My second point is ever the more controversial and is probably prime to raise a few rebuttles by Bengals fans. That is, the most expendable person big name on the Bengals offense is Chad Johnson. Don't get me wrong, I love the energy and the news coverage he brings to this team, but he hasn't shown me that he has any more talent then Henry or Housh. Henry has proven when his head his straight to be the next Randy Moss. Moss, Minnesota, not Oakland. Housh has shown he can run better routes, go across the middle, and make big catches in big games to make this team really tick. I think Housh has proven himself to be the best wide receiver on over half of any other NFL teams. That being said, I would reccomend that Ocho Cinco be traded to a team with more of a dire need for offense in exhange for a defensive playmaker especially at linebacker or defensive end, both areas that I feel where the Bengals are lacking. This team is not very far away from a Super Bowl run and I think that an intimidating force on defense is what this team needs to put them over the hump. Now, I don't know if this trade is even legal in Chad's contract or even feasible but I tend to think that he would catch a far bigger fish on defense than would a Henry or a Housh. Henry, wouldnt command as much because of his obvious off the field problems and Housh for his lack of experience as being the number one guy. Chad as shown me time and time again, that he freezes up or even chokes in big games. It's almost as if he talks big to make up for his lack of confidence in his game in these situtations. The dropped passes and fumbles in the Denver and Indy game are sure evidence of this. Don't get me wrong I love OCHO Cinco but stellar games against the Browns, Saints, and Panthers are mute when compared to his lack of show against the Broncos, Indy, and the Steelers. Some may say that this was because of the cornerbacks he faces being the top wide receiver or the double team coverage, but I think his drops against Indy and Denver plus his fumble there assures me the right to make this argument. I think we have a bonafide Hall of Famer in Palmer who will only get better, but with a lackluster defense we need to understand this offense needs to be willing to give up some of its integral pieces for defense to truly become a Super Bowl caliber team.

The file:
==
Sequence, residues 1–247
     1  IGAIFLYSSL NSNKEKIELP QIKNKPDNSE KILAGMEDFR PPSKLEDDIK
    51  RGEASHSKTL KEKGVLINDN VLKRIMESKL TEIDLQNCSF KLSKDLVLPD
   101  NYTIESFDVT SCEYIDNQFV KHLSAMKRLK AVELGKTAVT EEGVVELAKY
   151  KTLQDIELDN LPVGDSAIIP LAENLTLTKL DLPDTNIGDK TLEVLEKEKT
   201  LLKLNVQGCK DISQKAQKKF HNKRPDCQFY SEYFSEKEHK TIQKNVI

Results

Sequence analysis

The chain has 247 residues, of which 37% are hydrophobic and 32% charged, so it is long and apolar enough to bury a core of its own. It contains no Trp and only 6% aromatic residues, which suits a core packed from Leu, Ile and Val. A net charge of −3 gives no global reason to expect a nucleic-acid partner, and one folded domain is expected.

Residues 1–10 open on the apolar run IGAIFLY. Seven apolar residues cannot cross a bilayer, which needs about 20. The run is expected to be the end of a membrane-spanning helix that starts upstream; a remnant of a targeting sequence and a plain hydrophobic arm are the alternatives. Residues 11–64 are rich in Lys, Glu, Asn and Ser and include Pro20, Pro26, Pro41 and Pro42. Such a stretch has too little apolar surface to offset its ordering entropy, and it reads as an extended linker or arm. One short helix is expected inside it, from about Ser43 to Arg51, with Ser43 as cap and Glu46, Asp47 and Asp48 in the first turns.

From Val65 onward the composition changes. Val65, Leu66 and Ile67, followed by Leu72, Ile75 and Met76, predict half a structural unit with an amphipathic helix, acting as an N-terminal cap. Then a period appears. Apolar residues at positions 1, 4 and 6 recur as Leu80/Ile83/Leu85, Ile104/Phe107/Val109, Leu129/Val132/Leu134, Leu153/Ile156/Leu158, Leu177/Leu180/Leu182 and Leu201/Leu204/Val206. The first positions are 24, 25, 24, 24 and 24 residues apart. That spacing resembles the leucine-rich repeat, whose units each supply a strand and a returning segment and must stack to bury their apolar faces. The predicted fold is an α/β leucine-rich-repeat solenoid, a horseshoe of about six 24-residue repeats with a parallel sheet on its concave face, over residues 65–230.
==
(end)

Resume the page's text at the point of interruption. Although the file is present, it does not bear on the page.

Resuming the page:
Finally, I understand there are other issues at stake. Obviously, Marvin's on the field decisions, the time out in Indy in the first quarter, the allowing of the letdown in Tampa after the bye week, and the debacle that happened before the Graham field goal attempt this past week are obvious evidence that he needs to do "his job" in Cincinnati. But, I feel he has stretched himself so thin with incompetent coaches espcecially Breshnean and to a lesser extent Bratatowski. If he starts to employ former coaches ALA Jim Mora and Romeo Crennel (if fired) I think the surrounding effects will improve this team. Let's hope these improvements are made and we look forward to that Super Bowl year we have all been patiently waiting for. Who Dey!
Last edited by forfreelin04; 01-03-2007 at 04:21 AM. Reason: ,